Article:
Prof. Renée Tribble on the Planning and Implementation of Citizen Science Projects

Prof. Renée Tribble © Felix Schmale / TU Dortmund

Prof. Dr. Renée Tribble conducts research on questions of participation and cooperative urban development at the Faculty of Spatial Planning, TU Dortmund University. Her approach is to involve civil society actors as early and comprehensively as possible in her projects. In an interview, she talks about the opportunities and challenges of research with citizen participation.

This interview was conducted by TU Dortmund University, not by the DWIH New York.

Prof. Tribble, what is your research focus on?

I am particularly interested in the cooperation of civil society and municipal actors in the face of the challenges posed by social and ecological change. We all know about the United Nations Sustainable Development Goals, but what does that mean in practice? For example, how can a city be transformed to become more sustainable or inclusive? I believe that this is only possible if all levels of society are involved. Another important aspect for me is practical knowledge in planning processes: How and by whom is it acquired, how is it passed on and what impact does it have on the processes themselves? This is a core of our discipline, but is often not the subject of the research projects themselves.

Many of your projects contain approaches from “Citizen Science” – what does that mean?

I associate the term with research at eye level with civil society. It’s about not only considering civil society actors as research subjects, but actively involving them in the process, ideally from the formulation of the research question to the results to the possible implementation and evaluation. How well or poorly this works depends, of course, on the research question and the perspective, from which methodological approaches then emerge. Citizen science is quite common, for example, in data collection or in the context of so-called living labs: real processes, actors or structures are investigated with regard to the research questions, but at the same time they are also influenced by the research process itself. This is because, in contrast to a classic laboratory, no experiments with the same experimental setup can be turned back to the starting point again and again. The necessary openness to results and flexibility sometimes makes it difficult to communicate such approaches to external experts. With participatory approaches, it is not always possible to precisely describe processes, workload, and methodological steps in advance. On the other hand, such approaches are in principle inherent to urban and spatial planning: our focus is on the everyday space of the people who live in it, and planning on paper also takes up real space and  intervenes in it at some point.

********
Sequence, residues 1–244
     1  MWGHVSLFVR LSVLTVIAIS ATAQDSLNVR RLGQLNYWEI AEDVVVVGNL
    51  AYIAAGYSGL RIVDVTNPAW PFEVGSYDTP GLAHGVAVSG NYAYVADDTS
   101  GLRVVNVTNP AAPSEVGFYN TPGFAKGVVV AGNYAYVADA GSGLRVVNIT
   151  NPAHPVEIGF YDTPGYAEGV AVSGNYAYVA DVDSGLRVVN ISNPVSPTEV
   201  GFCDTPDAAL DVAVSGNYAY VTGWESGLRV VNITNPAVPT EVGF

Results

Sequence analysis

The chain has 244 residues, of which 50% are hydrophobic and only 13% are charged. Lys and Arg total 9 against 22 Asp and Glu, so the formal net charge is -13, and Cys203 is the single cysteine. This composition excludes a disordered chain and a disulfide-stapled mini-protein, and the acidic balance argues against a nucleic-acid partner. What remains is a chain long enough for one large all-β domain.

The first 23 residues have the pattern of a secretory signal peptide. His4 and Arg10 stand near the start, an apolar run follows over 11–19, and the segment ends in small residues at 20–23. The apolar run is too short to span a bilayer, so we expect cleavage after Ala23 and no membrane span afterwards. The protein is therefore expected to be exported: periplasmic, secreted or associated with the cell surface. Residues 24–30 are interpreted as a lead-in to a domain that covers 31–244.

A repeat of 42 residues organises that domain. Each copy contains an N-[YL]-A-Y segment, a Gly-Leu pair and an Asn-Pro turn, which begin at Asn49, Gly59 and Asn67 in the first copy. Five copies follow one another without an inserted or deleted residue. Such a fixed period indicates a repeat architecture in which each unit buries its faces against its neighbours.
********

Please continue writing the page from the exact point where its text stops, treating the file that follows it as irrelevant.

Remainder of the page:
What does it take to involve different groups with different interests in joint planning?

In my experience, it’s easiest if everyone agrees “to be against something”. It becomes more difficult with constructive conflict resolution approaches, especially when both different scientific disciplines and actors outside of research work together. This is often the case in urban and district development. If you are at least pursuing similar goals, that is of course good – then architects, artists and urban planners often work together in a participatory way. The challenges come when it comes to opening up to necessary freedom, time commitments and binding commitments – then suddenly many concerns get in the way. But there are some exciting approaches to designing trialogues between academia, administration and civil society that can be used to address such problems. I hope that my research will contribute to finding more ways in the future.


  • 1998-2005 Studied architecture at the Bauhaus University in Weimar
  • 2008-2014 research associate, HafenCity University Hamburg
  • since 2014 shareholder PlanBude Hamburg GbR
  • 2017-2019 various teaching positions, HafenCity University Hamburg
  • since 2016 Renée Tribble CONST*ELLATIONS, Hamburg
  • since 2020 partner in projektbüro, Hamburg
  • 2019-2021 visiting professor, University of Kassel
  • 2021 PhD, HafenCity University Hamburg
  • 2021 Professor of planning theory and methodology, TH Ostwestfalen-Lippe
  • since 2021 Professor at the Department of Spatial Planning, Chair for Urban Development, Land-Use Planning and Urban Design Processes, TU Dortmund

Read the original interview in German on the TU Dortmund website.